You may have concerns about how you will support yourself after divorce. In Arkansas, you may be able to request alimony from your former spouse.
Review the factors that influence spousal support if you live in the state and plan to end your marriage.
Types of alimony
Arkansas recognizes temporary, rehabilitative and permanent alimony. Temporary alimony lasts from the separation date until you get a final divorce order. Usually, Arkansas judges order rehabilitative alimony, which lasts from the divorce date for a specified time. It provides support while you seek a better-paying job or pursue educational opportunities.
Arkansas rarely orders permanent alimony. However, the judge may award ongoing payments with no end date if you cannot work because of disability or age.
Considerations for alimony
If you request spousal support in your divorce, the court will consider how long your marriage lasted and review the standard of living you shared during the relationship. The judge will also consider each person’s assets, income, debts and future earning ability.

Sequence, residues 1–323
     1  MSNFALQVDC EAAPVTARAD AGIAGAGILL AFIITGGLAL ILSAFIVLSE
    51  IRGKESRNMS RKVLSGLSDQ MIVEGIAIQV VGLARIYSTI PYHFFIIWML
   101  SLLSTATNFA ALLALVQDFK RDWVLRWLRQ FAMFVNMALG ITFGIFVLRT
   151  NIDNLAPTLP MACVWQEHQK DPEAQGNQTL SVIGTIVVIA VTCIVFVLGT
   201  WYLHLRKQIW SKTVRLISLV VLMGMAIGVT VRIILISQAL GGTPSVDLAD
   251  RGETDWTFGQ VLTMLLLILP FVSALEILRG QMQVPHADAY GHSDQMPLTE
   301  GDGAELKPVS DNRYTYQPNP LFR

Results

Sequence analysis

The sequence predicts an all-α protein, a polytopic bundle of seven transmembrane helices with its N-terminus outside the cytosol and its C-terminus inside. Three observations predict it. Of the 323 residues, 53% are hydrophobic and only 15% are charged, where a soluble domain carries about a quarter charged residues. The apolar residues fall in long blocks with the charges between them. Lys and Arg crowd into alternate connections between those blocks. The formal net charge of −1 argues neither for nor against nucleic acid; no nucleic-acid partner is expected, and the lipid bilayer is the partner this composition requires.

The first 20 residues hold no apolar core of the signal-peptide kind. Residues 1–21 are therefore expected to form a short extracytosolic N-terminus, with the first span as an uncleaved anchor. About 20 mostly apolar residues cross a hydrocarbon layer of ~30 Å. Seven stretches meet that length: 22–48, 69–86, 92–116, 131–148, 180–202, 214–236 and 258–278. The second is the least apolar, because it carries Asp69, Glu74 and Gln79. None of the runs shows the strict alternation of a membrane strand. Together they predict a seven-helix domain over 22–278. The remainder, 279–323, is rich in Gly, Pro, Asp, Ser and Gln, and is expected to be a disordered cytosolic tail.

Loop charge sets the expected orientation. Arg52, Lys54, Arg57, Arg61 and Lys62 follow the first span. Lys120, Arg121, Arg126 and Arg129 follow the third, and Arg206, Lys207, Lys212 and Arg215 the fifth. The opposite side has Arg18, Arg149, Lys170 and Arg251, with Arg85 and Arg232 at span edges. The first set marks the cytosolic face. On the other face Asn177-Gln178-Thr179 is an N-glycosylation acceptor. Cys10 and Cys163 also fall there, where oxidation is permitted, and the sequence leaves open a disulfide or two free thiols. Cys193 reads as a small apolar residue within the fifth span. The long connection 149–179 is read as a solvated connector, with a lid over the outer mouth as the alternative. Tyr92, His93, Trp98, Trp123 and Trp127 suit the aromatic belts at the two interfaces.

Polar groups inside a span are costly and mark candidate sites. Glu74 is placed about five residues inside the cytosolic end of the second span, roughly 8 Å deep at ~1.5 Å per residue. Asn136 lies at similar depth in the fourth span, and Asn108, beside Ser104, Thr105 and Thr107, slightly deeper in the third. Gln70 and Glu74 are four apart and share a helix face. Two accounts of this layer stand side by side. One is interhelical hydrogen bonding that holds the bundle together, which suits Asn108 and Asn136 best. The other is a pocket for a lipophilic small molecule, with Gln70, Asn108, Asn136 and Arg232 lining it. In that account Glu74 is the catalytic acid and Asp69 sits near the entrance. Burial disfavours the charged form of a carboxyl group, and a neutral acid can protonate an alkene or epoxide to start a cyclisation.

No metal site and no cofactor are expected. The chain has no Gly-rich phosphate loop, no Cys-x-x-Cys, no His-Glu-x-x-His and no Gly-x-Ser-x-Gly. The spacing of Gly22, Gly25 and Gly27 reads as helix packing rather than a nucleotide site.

While the court does not have the formula to calculate alimony, the state Supreme Court has established 20% as a reasonable amount of temporary support. In other words, if your spouse earns $5,000 per month, the court may order him or her to pay $1,000 in alimony throughout the divorce proceedings.
You can also negotiate alimony outside of court with your spouse. In some cases, you may prefer to receive a lump sum or a larger share of property instead of monthly payments. If you have a valid prenuptial agreement, the court will abide by its terms for spousal support if applicable.